A brief history

For many decades the the lowest frequency radio amateurs had access to was 160 m (1.8 MHz). This changed in 1997 when CEPT/ERC Recommendation 62-01E gave radio amateurs access to the 2200 m band (135.7-137.8 kHz). Some years later the first suggestions to "fill the gap" between the 2200 m and 160 m bands appeared. As the frequency range 526-1606 kHz (535-1705 kHz in North America) is assigned to AM radio broadcasting we had to look for a spot around 500 kHz.

In 2005 a few German hams obtained experimental licenses to operate on 440 kHz (DI2... callsigns). Due to the fact that these experimental licenses did not allow (cross band) QSO's with radio amateurs they mainly operated as beacons. In 2006 a number of US American, and later also Canadian, hams also received experimental licences in the 465-515 kHz frequency range.

The frequency range 495-505 kHz had been the primary international distress frequency since 1912, but in the past decade VHF and satellite communication was taking over this function and the 495-505 kHz segment became more and more abandoned by the Maritime service. In 2007 UK hams gained access to the 501-504 kHz frequency range. Although the EIRP was limited to 100 mW (increased to 1 W in 2009 and 10W in 2010) and a special permit (Notice of Variation) was required this was an important step. Early 2008 Belgian hams also gained access to the 501-504 kHz range with 5 W EIRP and in the following months and years more and more, mainly European, countries provided an amateur radio allocation near 500 kHz.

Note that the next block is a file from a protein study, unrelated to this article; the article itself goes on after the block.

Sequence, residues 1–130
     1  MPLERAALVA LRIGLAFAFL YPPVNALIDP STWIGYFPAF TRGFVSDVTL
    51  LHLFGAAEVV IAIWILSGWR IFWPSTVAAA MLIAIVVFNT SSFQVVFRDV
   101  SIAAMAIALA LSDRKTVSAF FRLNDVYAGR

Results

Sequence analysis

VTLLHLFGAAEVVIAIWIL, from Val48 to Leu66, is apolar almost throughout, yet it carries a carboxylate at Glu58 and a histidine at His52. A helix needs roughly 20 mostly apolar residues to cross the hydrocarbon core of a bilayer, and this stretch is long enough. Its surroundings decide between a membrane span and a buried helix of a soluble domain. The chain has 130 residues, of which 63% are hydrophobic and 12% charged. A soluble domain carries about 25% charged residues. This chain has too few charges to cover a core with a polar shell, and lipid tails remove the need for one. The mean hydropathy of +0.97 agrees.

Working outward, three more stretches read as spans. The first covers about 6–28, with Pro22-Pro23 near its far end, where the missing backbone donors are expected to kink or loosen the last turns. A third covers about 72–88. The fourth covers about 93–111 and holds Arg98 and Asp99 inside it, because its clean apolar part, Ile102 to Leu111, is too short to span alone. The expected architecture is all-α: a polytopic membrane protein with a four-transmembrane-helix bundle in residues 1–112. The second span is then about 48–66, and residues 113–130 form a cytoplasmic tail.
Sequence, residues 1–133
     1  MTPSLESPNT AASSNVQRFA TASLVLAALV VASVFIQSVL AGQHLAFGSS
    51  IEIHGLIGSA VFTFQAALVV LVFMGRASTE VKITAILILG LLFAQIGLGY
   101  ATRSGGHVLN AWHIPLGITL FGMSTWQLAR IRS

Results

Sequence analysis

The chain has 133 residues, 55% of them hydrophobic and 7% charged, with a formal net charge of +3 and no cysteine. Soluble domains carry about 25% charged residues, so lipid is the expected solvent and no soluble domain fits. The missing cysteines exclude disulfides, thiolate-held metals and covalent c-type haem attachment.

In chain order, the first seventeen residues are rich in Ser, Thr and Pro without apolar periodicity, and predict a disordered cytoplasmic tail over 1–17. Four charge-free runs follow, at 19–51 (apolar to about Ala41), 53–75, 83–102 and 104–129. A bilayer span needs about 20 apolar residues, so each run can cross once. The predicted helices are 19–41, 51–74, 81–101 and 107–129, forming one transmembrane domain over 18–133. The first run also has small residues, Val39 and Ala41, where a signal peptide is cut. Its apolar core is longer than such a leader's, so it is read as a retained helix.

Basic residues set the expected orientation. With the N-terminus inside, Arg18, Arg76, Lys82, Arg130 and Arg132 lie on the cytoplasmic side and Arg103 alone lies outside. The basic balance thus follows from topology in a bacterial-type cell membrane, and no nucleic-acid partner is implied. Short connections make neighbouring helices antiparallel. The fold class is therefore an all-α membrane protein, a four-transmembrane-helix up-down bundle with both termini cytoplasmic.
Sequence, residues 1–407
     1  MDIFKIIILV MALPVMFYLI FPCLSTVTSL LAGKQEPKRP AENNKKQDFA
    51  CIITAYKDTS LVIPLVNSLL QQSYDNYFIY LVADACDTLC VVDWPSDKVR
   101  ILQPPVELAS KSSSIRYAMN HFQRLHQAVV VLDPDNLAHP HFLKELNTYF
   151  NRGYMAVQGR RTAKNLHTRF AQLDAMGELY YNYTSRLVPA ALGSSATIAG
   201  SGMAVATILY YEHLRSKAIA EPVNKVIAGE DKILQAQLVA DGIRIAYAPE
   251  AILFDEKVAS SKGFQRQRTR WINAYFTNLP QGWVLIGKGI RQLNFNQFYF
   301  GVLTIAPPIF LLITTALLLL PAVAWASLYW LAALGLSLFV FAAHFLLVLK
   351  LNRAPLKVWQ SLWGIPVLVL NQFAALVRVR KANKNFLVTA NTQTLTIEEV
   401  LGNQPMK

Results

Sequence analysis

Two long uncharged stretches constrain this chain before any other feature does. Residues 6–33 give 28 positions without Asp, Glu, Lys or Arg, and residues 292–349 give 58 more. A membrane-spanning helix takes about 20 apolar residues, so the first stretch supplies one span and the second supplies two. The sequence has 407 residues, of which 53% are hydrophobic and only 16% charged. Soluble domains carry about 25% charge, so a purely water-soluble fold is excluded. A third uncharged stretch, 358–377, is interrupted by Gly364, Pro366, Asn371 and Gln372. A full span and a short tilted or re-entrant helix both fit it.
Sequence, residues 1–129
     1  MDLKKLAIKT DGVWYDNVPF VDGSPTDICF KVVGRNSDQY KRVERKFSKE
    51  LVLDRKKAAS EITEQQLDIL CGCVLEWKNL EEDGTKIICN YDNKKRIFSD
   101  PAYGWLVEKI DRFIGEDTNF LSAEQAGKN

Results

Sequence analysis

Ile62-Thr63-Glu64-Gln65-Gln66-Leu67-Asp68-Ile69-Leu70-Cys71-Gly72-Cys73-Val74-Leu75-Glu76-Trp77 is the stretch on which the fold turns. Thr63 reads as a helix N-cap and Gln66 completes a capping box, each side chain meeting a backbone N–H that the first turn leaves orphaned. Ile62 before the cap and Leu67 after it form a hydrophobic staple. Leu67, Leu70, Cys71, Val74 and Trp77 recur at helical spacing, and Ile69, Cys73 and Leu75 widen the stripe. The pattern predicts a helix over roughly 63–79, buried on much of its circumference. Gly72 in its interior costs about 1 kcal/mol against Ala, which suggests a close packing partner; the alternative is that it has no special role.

Starting 2008, an allocation for amateur service near 500 kHz was discussed on CEPT and ITU level. During the 2012 World Radiocommunication Conference document 362-E was approved that gave the amateur service a world wide allocation between 472 and 479 kHz.